I don’t think so. I think the Europeans would hold their noses and help the Spanish thwart Japanese expansionism. In return, Spain would’ve been required to open up the Philippines to the French, British and Dutch.


    • Morgan says:

      I was thinking that Japan would have made a move as it would be too tempting. Germany might have stepped in to aid Spain despite its ties to the Japanese military. Germany was part of the coalition that forced Japan to give up territory taken in the War of 1895. Germany took over the Mariana and Caroline Islands after the Spanish-American War. It might even have taken over the Philippines, which in turn would have been taken by Japan in WW 1. Then you have the scenario of the Imperial Japanese Army vs. Moros in Sulu and Mindanao. That would have made the Dutch very uncomfortable, probably the English in Singapore also.

  • John E. Boyle says:

    Interesting, both the stated topic and the alternate history theories. I read some of the neatest stuff at Castalia House.

  • JohnnyMac says:

    To Xavier Basora and Morgan above:

    Well, there are lots of ways it could have played out. Conceivably, the British might have moved to prevent a Japanese conquest (in which case they most probably would have added the Philippines to their own empire.) Or the French, coming out of Indo-China, might have done something (the Foreign Legion versus the Imperial Japanese Army, would have been an interesting match up).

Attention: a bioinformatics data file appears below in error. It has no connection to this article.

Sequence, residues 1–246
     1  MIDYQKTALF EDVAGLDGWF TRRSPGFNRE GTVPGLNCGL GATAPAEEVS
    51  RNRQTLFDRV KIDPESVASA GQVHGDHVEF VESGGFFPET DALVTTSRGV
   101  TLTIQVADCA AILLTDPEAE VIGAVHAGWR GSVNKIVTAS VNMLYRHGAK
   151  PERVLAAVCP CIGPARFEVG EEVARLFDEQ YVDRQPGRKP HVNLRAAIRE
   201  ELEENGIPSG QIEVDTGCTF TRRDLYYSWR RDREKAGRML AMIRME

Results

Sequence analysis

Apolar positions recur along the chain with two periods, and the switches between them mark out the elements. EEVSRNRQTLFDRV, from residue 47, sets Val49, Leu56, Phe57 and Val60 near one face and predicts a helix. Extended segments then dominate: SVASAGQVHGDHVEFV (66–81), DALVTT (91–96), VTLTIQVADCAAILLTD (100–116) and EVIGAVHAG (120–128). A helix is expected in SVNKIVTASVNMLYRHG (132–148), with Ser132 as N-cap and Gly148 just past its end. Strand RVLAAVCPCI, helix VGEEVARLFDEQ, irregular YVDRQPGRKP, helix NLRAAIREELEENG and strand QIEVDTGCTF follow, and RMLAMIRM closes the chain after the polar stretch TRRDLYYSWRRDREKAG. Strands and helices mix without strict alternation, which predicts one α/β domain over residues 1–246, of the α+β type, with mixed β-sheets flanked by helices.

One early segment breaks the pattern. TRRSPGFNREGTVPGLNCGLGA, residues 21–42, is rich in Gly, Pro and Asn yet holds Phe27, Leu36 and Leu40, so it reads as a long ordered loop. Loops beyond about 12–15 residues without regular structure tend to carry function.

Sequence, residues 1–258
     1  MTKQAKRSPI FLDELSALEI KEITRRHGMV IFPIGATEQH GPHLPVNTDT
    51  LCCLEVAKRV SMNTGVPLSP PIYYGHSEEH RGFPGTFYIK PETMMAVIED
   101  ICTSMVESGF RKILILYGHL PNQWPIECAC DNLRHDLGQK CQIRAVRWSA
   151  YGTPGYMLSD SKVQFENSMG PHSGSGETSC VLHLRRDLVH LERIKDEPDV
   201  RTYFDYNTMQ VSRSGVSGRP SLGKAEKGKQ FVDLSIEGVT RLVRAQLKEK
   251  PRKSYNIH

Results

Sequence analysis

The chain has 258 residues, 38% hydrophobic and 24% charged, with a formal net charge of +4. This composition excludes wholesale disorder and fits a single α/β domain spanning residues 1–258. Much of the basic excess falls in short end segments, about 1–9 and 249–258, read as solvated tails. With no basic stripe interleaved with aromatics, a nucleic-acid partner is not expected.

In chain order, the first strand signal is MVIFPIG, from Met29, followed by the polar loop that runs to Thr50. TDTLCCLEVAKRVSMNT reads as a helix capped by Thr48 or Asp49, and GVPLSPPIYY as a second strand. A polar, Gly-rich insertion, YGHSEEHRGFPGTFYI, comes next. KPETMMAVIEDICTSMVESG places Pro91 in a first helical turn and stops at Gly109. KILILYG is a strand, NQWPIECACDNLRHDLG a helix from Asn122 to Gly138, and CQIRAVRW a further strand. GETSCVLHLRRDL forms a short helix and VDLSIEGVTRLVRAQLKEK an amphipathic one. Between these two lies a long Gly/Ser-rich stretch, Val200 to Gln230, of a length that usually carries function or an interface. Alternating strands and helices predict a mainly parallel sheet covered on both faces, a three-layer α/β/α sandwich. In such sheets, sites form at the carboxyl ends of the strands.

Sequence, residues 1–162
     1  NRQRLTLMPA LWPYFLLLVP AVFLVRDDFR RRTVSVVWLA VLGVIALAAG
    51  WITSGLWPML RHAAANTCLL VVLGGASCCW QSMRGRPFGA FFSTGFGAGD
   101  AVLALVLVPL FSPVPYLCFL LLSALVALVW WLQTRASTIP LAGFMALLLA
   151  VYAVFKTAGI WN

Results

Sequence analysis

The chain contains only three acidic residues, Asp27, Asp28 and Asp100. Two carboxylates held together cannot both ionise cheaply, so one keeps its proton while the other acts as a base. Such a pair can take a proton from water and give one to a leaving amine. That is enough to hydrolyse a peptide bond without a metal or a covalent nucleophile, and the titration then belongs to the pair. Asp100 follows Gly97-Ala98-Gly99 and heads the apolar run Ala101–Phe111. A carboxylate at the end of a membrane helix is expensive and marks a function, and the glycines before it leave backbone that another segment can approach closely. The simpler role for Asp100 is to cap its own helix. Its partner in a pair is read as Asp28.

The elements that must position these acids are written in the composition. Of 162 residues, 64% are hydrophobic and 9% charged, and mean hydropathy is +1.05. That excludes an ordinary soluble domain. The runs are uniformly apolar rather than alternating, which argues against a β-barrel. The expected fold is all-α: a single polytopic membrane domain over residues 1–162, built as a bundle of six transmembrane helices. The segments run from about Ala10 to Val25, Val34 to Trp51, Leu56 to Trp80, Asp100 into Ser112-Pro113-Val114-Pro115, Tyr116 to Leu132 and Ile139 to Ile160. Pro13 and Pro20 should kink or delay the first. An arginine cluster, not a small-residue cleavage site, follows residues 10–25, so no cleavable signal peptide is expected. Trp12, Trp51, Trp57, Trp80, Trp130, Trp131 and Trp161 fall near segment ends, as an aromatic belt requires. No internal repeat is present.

On the other hand, both the British and the French had quite a lot on their plates already. The Germans, as a nation that came late to the empire building game (and thus more eager to grab any chance to catch up), might have seen an opportunity to replace the fading Spanish rule. Perhaps the Germans and the Japanese would have divided the Spanish territories in the Pacific between them. Leaving them, to extend the speculation even further, to glare jealously at each other from their newly conquered islands. Who knows, the US Navy might have become an ally of Japan against German aggression in the Pacific. Or vice versa.

    Also, I don’t think Japan was widely seen in the West at this period (say pre-WWI) as a threat. It was seen as a rising power and respected as such. If the Spanish had lost control in the Philippines and the islands fell into anarchy, with the outbreak of mass banditry and piracy that would result, I could easily see a Japanese move to “establish a protectorate” that would “restore order” and “protect commerce” being applauded by other powers. Perhaps Kipling would have composed a poem congratulating the Japanese on their victory and exhorting them to follow the British example of civilizing the lesser races.

  • Xavier Basora says:


    Thanks for your comment. Your scenario is also quite plausible. Either way, Spain’s collapse would’ve still occurred anyways. Worse I think the Civil war would”ve been had a even more nefarious edge because some of the Spanish would’ve been put off by having been defeated by an Asian country and rationalized some rancid ideas